For most of their lives, Ryan (Regina Hall), Sascha (Queen Latifah), Lisa (Jada Pinkett-Smith) and Dina (Tiffany Haddish) have made up a friendship quartet they call the Flossy Posse. Having experienced many significant life events together, they share a strong bond, but life has still managed to get in the way and weaken their bond, so the women have been unable to meet up for the past five years. Ryan, who has become a successful author, decides to break the bad cycle and invite the rest of the Flossy Posse to Essence Festival in New Orleans, Louisiana, where she is promoting her new book with her husband Stewart (Mike Colter). Soon after arriving, the ladies let loose and start bonding again, but in among all the drinking and raunchy Dina’s quest to get frumpy Lisa laid, Sascha receives some shocking information through her line of work as a gossip blogger that could not only end her friendship with Ryan, but also mean the end of the Flossy Posse altogether.
Raunchy comedies with gross gags and over-the-top scenarios often end up being so repulsive and ridiculous that many moviegoers understandably avoid them as a rule of thumb, but sometimes a crazy comedy comes along that feels almost liberating because it manages to bring some much needed structure to the mayhem. This was the case with the first The Hangover film as well as 21 Jump Street, and Girls Trip enters the same territory by ensuring that a balance is kept between the unapologetic outrageousness and the emotional drama.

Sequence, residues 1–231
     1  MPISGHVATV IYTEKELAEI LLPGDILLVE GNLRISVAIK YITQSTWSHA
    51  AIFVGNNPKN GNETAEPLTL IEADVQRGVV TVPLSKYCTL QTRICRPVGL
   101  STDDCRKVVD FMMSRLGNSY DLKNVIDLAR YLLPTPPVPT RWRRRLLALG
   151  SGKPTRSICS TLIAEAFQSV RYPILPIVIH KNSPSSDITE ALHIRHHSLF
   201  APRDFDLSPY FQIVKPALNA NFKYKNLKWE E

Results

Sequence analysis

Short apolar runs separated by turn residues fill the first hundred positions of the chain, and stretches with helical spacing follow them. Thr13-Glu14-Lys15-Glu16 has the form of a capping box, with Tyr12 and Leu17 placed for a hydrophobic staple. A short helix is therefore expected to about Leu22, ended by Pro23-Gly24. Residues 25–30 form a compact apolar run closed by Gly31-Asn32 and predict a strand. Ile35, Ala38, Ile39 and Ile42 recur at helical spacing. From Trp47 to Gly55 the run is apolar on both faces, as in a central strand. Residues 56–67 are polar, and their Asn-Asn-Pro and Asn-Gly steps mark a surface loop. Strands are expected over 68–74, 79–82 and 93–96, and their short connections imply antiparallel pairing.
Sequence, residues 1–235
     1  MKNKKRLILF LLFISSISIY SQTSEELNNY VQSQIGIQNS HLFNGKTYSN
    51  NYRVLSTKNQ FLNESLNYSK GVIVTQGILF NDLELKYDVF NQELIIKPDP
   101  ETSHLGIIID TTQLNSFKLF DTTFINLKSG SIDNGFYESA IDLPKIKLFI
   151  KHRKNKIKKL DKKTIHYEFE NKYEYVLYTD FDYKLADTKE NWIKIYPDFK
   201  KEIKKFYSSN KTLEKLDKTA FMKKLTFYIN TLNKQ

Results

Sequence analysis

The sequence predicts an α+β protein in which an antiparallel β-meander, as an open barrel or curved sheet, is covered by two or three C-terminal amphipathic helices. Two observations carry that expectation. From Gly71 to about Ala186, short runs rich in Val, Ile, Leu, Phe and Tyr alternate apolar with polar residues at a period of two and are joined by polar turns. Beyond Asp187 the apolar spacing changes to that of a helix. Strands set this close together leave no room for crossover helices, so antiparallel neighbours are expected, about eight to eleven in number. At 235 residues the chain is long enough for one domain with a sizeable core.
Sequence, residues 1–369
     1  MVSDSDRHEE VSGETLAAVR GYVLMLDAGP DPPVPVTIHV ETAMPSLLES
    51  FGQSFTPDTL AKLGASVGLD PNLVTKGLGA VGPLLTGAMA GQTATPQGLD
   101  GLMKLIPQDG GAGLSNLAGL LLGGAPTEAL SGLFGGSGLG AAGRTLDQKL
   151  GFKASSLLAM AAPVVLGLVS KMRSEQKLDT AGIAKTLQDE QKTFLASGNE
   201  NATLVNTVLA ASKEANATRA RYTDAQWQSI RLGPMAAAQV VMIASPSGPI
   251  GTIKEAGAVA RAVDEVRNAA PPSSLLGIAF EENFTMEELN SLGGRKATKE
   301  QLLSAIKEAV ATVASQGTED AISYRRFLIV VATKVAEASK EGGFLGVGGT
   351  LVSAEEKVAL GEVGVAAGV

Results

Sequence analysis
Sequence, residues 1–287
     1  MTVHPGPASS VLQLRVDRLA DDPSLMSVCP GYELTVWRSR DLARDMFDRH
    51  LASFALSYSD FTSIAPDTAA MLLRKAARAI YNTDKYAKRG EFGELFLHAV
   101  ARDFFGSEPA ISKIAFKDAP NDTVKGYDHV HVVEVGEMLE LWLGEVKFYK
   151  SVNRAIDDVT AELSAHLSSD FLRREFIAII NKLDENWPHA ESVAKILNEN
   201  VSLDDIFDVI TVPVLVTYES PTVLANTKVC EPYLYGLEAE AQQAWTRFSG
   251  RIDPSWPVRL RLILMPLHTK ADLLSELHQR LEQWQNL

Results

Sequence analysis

Part of what sets Girls Trip apart from similar comedies is the acting, which is still grounded enough to allow the audience to genuinely invest in the four women. The struggles of Hall’s Ryan trying to remain composed while she is experiencing tremendous inner turmoil gives her character depth, just as Latifah’s Sascha is interesting because of her dilemma of having to chose between doing the right thing and remain friends with Ryan or go for an easy cash grab and potentially leave her financial worries behind at the cost of their friendship. Equally, Pinkett-Smith’s portrayal of the dowdy and timid Lisa remains grounded enough to avoid becoming a caricature, which in turn makes her a great contrast to Haddish’s uncompromisingly rowdy Dina. All in all, the four leads have great chemistry and manage to create a well-balanced group dynamic that ensures they are different enough to be interesting, but relatable enough to make it believable that they would in fact be friends. However, the real MVP is without a doubt Haddish who is absolutely fearless in her relentlessly funny portrayal of the vulgar Dina.
The main problem the film has is that it is too long at 122 minutes; had the film been shorter, the impact of the more emotional elements could have been stronger. Instead, the film tends to circle the same dramatic storylines and build on them in a way that veers dangerously close to becoming tedious. The grossness of the humor also sometimes runs the risk of being too absurd, but the film largely succeeds, just as it manages to take a tongue-in-cheek jab at cultural appropriation when the character of Ryan calmly warns her white female agent about using lingo traditionally used among people of color. As such, when you scratch the surface, there is more to Girls Trip than mere gross gags and crude jokes, and the film has numerous elements that ensures it is not only a film that celebrates female friendship, but also women of color and black culture in a manner that is underrepresented in mainstream cinema.
Verdict: 8 out of 10.